The same exercise may be conducted with all independent variables lagged by two years. An inverse probability weighted panel model including the same three-way tobacco:alcohol:Δ8THC interaction was therefore considered. A total of 179 positive and significant terms from such models are shown in Table S13. Again. 39 terms were noted to have infinite mEVs and Δ8THC was noted to be included in interactive terms in the first 40 positions. Table S14 extracts the terms including Δ8THC and it may be observed that 32 (78.0%) mEVs were infinite, and all exceeded 1012. Twenty-eight different tumor types were included on this list. These data are summarized by covariate in Table S15 and are presented graphically in Figure S11. In this figure, terms including Δ8THC were noted to occupy the mid-range of the number of tumors implicated and the significance levels, but the highest range for the cumulative mEVs (Panel C).

3.4.2. Four Years Temporal Lag

As cancer is a disease that is believed to usually have a long incubation period, it is also of interest to consider models lagged to four years. For these purposes, the above interactive inverse probability (IPW) weighted model lagged to four years in all independent covariates was considered. Table S16 presents the 182 significant positive terms from this model. Table 4 extracts the 49 terms including Δ8THC, which relate to 25 tumor types. Remarkably, 48 terms (97.9%) had positive mEVs and the remaining one was 2.30 × 10123. These data are summarized in tabular and graphical formats in Table S17 and Figure 4. In Panel A, terms including Δ8THC were found in the mid-position of the graph. In Panel B (cumulative significance levels), terms including Δ8THC occurred at the right end extreme of the graph. In panel C, which lists the cumulative mEVs, all four positions at the top of the graph were occupied by terms including Δ8THC.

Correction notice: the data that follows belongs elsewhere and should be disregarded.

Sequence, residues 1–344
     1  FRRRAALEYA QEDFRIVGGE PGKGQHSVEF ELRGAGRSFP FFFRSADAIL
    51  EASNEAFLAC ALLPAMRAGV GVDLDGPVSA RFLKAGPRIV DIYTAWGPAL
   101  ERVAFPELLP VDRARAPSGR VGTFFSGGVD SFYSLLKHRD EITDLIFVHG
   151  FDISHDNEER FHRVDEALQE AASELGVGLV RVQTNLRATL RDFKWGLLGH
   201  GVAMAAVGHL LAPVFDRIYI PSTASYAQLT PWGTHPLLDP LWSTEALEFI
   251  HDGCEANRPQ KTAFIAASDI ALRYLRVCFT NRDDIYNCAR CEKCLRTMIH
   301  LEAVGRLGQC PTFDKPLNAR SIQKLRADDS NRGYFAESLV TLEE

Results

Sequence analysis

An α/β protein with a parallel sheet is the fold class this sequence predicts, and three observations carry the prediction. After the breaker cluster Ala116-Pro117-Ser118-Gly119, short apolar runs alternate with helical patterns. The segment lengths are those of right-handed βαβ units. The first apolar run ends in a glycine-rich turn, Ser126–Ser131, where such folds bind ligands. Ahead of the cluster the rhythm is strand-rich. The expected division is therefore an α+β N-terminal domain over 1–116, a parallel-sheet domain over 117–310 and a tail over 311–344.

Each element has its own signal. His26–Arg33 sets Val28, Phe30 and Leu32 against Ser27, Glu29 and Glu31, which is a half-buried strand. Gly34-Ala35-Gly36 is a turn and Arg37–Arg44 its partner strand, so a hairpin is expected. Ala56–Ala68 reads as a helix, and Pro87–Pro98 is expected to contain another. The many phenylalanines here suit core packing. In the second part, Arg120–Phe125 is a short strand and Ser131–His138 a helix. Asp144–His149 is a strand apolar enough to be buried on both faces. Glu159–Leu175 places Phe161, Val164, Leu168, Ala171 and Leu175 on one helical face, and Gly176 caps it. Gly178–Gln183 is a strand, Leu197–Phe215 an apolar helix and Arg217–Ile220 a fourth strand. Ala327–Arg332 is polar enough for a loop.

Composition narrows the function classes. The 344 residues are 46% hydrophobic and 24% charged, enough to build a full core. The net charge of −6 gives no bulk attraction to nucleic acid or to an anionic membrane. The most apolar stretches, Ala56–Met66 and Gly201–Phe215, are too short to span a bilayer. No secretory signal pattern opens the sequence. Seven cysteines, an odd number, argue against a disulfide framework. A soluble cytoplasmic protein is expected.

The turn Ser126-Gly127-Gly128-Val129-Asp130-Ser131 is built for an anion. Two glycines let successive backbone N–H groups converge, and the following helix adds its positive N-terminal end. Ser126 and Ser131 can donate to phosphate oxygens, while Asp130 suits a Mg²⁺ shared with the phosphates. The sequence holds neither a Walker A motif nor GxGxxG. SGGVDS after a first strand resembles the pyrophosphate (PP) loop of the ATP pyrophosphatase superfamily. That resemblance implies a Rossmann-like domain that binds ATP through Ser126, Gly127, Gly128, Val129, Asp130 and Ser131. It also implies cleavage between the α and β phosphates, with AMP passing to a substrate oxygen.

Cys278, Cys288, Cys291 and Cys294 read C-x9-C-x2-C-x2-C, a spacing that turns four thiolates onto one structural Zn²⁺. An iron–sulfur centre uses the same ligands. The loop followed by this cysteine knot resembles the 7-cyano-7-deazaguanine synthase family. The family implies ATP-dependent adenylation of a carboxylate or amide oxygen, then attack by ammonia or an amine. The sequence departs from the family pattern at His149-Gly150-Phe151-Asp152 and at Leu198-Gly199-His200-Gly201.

3.4.3. Marginal Effects

Given that the independent variables each have their own scale and in interactive models it can be difficult to tell what the overall or “marginal” effect of the covariates might be, it is of interest to consider the marginal effect of these covariates in additive, interactive, and lagged models. The marginal effect was calculated in units of the standard deviation of the dependent variable, the cancer rate. Table S18 shows the average marginal effect by tumor and substance type for the additive model. Fifteen cancer types were noted to have positive average marginal effects (AME). Tables S19–S21 undertook the same exercise for the interactive, two and four lag models and noted that 18, 17, and 10 cancers were associated with positive marginal effects. These findings are presented graphically in the heatmaps of Figure 5 and Figure S12–S14.
Table 5 collates the AME data for the substances, shows the mean and standard deviation of the various tumor incidences, and calculates the change in the case numbers for each tumor. The totals are noted near the foot of the table. The applicable figures for “All cancers” are also provided. It is noted that the numbers for breast cancer exceeded that for all cancers as the incidence of that tumor type was calculated on a single sex. This table shows that the total number of cancers attributable to Δ8THC was an extra 8.58/100,000 compared to 7.93 for AUD and −8.48 for tobacco (for this group of cancers).

4. Discussion

4.1. Main Results